Managing global risk in a rapidly evolving landscape
As appetite for antitrust litigation continues, defence strategies must increasingly cater for co-ordinating proceedings in multiple jurisdictions. Understanding the position in different jurisdictions is key to deciding how to challenge or defend cases.
In the EU, implementation of the EU Antitrust Damages Directive was intended to aid recovery of damages for breach of competition claims. However, the legislation has not yet created the anticipated level playing field across the region. Meanwhile, class actions regimes within the EU are developing (if slowly). Although in some countries, such as the UK, the first claims have not succeeded, we expect potential claimants to learn from these cases and continue to use the regimes.
And across Asia, we are seeing a trend of more antitrust damages litigation. Businesses operating in China and Japan, for example, need to be aware that the landscape – and risk level – is changing.
The claims against Pride (relating to mobility scooters) and Mastercard (concerning bank interchange fees) in the UK Competition Appeal Tribunal have been the first to test the limits of the UK’s opt-out and opt-in class action and class settlement regime for antitrust claims, introduced in 2015. In judgments given in 2017, neither claim continued past the class certification stage, leading some to question the prospects of the regime.
However, despite the slow start, the door remains very much open for future claims. By providing the proposed class representative with the opportunity to reformulate her claim, Pride showed that the Tribunal would be flexible at the certification stage if the claimants can reasonably overcome any obstacles. The claimants later withdrew the claim. And in the £14bn claim against Mastercard, although the Tribunal dismissed the claimants’ application for certification, it found that third-party funders could, in principle, be paid from any unclaimed damages – a significant pro-claimant outcome.
Both claims brought to date were difficult ones given the nature of the infringements and the broad classes proposed. Now that the Tribunal has clarified the expectations, the ground is ready for a suitable case. However, a cautionary note: future applicants should be prepared to take a rigorous approach to their proposed expert methodology, which the Tribunal will scrutinise carefully to test the viability of the claim as a class action.
Mark Sansom, Antitrust and Dispute Resolution Partner, London
Recent court decisions in the US make plaintiffs’ task of certifying their class increasingly difficult. First, new precedent requires courts hearing motions for class certification to give plaintiffs’ damages models a ‘hard look’ to assess: (i) consistency with their liability theory; (ii) whether plaintiffs have affirmatively proved the class criteria through rigorous analysis; and (iii) whether statistical models adequately satisfy the requirement that the questions common to class members predominate over any questions affecting only individual class members.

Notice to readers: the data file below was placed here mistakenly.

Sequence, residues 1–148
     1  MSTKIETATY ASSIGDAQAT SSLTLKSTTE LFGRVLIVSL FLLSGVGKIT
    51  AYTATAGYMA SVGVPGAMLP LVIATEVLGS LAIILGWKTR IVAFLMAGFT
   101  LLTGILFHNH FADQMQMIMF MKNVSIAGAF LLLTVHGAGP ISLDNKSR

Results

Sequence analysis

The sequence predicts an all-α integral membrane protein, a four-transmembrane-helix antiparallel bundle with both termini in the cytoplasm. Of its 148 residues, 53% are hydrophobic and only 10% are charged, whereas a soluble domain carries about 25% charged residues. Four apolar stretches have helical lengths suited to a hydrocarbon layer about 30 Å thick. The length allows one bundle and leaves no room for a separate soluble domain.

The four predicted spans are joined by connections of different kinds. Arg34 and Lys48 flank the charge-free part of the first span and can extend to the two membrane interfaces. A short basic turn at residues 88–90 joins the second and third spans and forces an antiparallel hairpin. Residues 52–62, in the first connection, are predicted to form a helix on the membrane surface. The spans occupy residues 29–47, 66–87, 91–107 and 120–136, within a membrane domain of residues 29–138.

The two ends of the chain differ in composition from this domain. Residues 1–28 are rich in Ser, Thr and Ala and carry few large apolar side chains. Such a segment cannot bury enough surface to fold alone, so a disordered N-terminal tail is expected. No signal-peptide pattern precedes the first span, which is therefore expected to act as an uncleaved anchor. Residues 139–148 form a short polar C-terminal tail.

Second, the Supreme Court’s application of the Federal Arbitration Act gives companies the opportunity to avoid class actions entirely through incorporating mandatory non-class arbitration agreements. The provisions do not allow a class to bring arbitrations. US courts recently confirmed the enforceability of clauses requiring non-class arbitration in antitrust cases, even where the cost of individually arbitrating makes the bringing of such claims unlikely.
Where guilty pleas, or even active cartel investigations, make it unlikely that defendants will win a motion to dismiss (challenging the sufficiency of the allegations) or a motion for summary judgment (challenging the sufficiency of the evidence), contesting class certification may represent the defendants’ best chance to win the case.
Rich Snyder, Antitrust Counsel, Washington DC
Since December 2016, 25 EU member states have implemented the EU Antitrust Damages Directive (2014/104/EU), which seeks to facilitate claims for breaches of competition law. The Directive has, to some degree, levelled the procedural and substantive playing field between EU member states by, for example, harmonising limitation periods, prescribing certain minimum levels of disclosure and establishing a presumption that cartel infringements cause harm. However, uneven implementation has also created disparities that could affect where in the EU parties bring antitrust damages claims.